How to Find Your Student Accommodation

If you’re off to university and moving out of your parent’s place, then you will surely be looking for a student flat or house to move into and call home. And in this guide, we’re bringing you all the important details about how to find accommodation and make sure that your move is a smooth one.

What should I do before my student property search begins?

Everything starts with your budget, which dictates your affordability. Remember to think about other costs associated with a home – such as broadband and utilities like gas and electric – when you’re working out your monthly rental budget.

If you’re moving in with friends, ensure that your budgets all align. It’s also worth considering who you want to live with, so think about the kind of lifestyle you currently lead and how that fits in with your studies.

Are you aiming to be super diligent? If that’s the case, then choosing your best friend who loves to party may not be the best option. Take into account yours and your friend’s values and qualities, and make a decision based on how well those match.

How do I find student accommodation?

Most people search for their next home on the major property portals like Rightmove and Zoopla. Here, you can find hundreds of properties on the rental market, including those listed by Mashroom.

One of the best ways of filtering through potential homes is by setting yourself and your soon-to-be flatmates a few clear search points. The basic ones include the number of bedrooms and, of course,  rental cost. However, don’t forget about the property’s location.

Choosing a spot close to your place of study or other essential amenities, such as supermarkets, public transport, or parking options, is equally important and can make your life a lot simpler. Especially if you wake up late for class after a night of partying.

five university students working together on a laptop

What does Assured Shorthold Tenancy mean?

The most common rental agreement is an Assured Shorthold Tenancy agreement (AST). It acts as a contract between the tenants and the landlord, clearing stating the conditions of the rent within the agreement.

A typical AST lasts for 12 months and usually has a six-month break clause, which allows you or the landlord to end the tenancy early. After the 12 months, you can renew the agreement if everyone is happy or let it go onto a rolling contract.

Once in the rolling phase, you can leave the property at any time as long as you give the landlord one month’s notice. The landlord can also end the contract, but they need to provide at least two month’s notice.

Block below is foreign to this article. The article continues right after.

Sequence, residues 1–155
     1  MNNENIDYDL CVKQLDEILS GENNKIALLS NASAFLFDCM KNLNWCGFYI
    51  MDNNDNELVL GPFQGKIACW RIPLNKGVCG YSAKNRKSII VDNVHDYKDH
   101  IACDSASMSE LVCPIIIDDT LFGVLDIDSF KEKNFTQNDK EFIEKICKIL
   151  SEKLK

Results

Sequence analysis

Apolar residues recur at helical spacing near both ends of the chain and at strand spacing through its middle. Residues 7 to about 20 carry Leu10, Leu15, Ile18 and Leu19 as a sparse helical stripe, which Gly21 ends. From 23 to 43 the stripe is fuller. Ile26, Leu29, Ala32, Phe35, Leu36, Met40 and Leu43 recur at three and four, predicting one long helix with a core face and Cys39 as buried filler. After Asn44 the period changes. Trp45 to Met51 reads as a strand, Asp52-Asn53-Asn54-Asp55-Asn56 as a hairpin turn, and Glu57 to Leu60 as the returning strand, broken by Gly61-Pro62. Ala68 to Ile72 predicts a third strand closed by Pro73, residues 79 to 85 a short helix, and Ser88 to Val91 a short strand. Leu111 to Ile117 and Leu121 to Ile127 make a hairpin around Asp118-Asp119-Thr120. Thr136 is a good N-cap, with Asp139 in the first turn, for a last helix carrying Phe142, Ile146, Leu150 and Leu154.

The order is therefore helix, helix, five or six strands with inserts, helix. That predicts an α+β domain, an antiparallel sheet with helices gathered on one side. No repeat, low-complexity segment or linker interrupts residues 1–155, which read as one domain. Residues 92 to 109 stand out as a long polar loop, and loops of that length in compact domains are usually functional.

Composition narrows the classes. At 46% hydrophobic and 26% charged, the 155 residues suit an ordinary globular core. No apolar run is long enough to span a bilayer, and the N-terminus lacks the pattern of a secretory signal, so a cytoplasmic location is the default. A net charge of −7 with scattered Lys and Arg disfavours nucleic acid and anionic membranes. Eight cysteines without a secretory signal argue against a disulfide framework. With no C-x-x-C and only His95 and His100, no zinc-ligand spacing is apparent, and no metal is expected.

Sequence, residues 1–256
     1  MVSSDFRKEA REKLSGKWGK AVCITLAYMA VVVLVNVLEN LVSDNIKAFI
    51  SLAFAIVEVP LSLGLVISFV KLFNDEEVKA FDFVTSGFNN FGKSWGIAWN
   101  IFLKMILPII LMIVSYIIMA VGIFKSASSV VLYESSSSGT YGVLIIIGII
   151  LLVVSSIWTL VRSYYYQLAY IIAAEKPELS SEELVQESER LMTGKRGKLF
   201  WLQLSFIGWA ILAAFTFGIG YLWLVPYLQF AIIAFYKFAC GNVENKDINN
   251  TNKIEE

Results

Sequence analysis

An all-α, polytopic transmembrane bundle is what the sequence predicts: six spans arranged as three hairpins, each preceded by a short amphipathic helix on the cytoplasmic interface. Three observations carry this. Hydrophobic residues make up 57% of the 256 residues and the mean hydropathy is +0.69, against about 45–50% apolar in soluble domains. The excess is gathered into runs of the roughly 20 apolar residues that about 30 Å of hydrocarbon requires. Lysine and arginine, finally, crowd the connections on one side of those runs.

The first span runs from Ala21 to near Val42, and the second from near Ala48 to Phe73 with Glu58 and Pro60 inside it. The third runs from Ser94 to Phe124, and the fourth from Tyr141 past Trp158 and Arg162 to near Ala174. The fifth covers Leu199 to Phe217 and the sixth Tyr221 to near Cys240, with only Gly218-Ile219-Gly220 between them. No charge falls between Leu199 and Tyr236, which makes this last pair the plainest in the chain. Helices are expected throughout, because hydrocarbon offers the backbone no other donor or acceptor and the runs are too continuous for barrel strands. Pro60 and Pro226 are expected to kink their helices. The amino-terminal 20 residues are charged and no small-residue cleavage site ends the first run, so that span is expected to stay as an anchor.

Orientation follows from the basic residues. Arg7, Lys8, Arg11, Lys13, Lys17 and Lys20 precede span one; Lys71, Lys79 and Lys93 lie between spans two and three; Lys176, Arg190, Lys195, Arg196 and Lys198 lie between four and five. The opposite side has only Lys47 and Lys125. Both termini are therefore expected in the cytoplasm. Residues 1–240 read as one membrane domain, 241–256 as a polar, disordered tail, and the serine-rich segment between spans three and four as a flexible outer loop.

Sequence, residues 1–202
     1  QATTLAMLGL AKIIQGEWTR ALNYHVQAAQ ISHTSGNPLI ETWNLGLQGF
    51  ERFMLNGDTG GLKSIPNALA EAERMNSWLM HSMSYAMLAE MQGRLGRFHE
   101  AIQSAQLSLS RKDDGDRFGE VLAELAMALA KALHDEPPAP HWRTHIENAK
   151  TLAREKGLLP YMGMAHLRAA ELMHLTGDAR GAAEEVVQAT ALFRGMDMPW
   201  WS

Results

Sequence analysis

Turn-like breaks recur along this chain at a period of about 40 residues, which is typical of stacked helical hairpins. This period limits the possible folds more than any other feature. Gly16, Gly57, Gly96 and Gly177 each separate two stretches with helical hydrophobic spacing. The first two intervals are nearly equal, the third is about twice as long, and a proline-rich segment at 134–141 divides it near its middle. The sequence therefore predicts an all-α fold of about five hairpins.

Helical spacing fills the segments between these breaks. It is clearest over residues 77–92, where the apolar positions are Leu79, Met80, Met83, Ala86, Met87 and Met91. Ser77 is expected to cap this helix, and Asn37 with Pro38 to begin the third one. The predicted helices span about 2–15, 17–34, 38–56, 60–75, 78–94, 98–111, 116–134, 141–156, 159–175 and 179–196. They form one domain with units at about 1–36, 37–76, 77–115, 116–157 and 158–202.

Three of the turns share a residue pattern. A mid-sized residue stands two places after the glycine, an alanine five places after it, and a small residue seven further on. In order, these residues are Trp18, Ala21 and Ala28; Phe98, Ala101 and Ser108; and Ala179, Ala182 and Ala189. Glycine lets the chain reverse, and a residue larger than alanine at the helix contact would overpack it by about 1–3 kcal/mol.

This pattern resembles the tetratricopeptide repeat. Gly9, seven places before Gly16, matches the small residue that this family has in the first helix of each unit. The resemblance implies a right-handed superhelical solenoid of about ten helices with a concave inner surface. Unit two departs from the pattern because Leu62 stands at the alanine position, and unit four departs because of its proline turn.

What does guarantor mean?

Most students will be asked to provide a guarantor. This is someone – usually a relative – who is legally bound to your rental agreement in case you default on a payment. In other words, a guarantor is someone who will jump in and cover your rental costs if you can’t.

What does security deposit mean?

When entering a rental agreement, you will also be asked to pay a security deposit. If, at the end of your tenancy, the landlord finds significant damages within the property, they may withhold some of the deposit to cover reparation or replacement costs.

A deposit will be the equivalent amount of five week’s rent and must be legally held in a tenancy deposit protection scheme. The landlord is bound by law to notify you of the scheme they use within 30 days of receiving the security deposit.

Are there any benefits to renting as a student?

A major perk of renting as a student is that you will not need to worry about paying any council tax. All you will need to do is register with the local council as students so that you won’t be charged. This means that the only bills you need to cover are electricity, gas and broadband.

Many companies have new joining offers every year, so your best bet is to have a quick search to find what deal will best suit you and your mates.

Another cost you may have to take into consideration is a TV licence. If you watch live television, online or on a TV, you are required to pay.

black graduation cap with orange tassles on pile of books

What do I need to do on moving-in day?

You have finally found your place and are ready to move in. But what happens now, and how do you ensure a smooth move?

The first thing you should do when you’re in your new place is check the inventory. When receiving your copy of the contract, you should also have received an inventory list of the items found in the property.

Make sure that all items listed can also be found in the property and that they are in the same condition as described on the inventory list. Once done, send an updated list to the landlord. Also note down and take photos of any damages you find. This will help if, at the end of your tenancy, your landlord claims money from your deposits for damages/marks which were previously already there.

If you’re sharing, there will be some household items where it will make more sense for the entire household to buy them together, e.g. toilet paper or washing up liquid. Rather than taking turns and forgetting whose turn it is next, setting up a kitty where everyone pays in the same amount every month is an easy and fair solution.

Moving into a new home is exciting, especially if it’s your first time living independently. Being organised will make the move even easier, leaving you to think about your studies and an exciting new life of independence.

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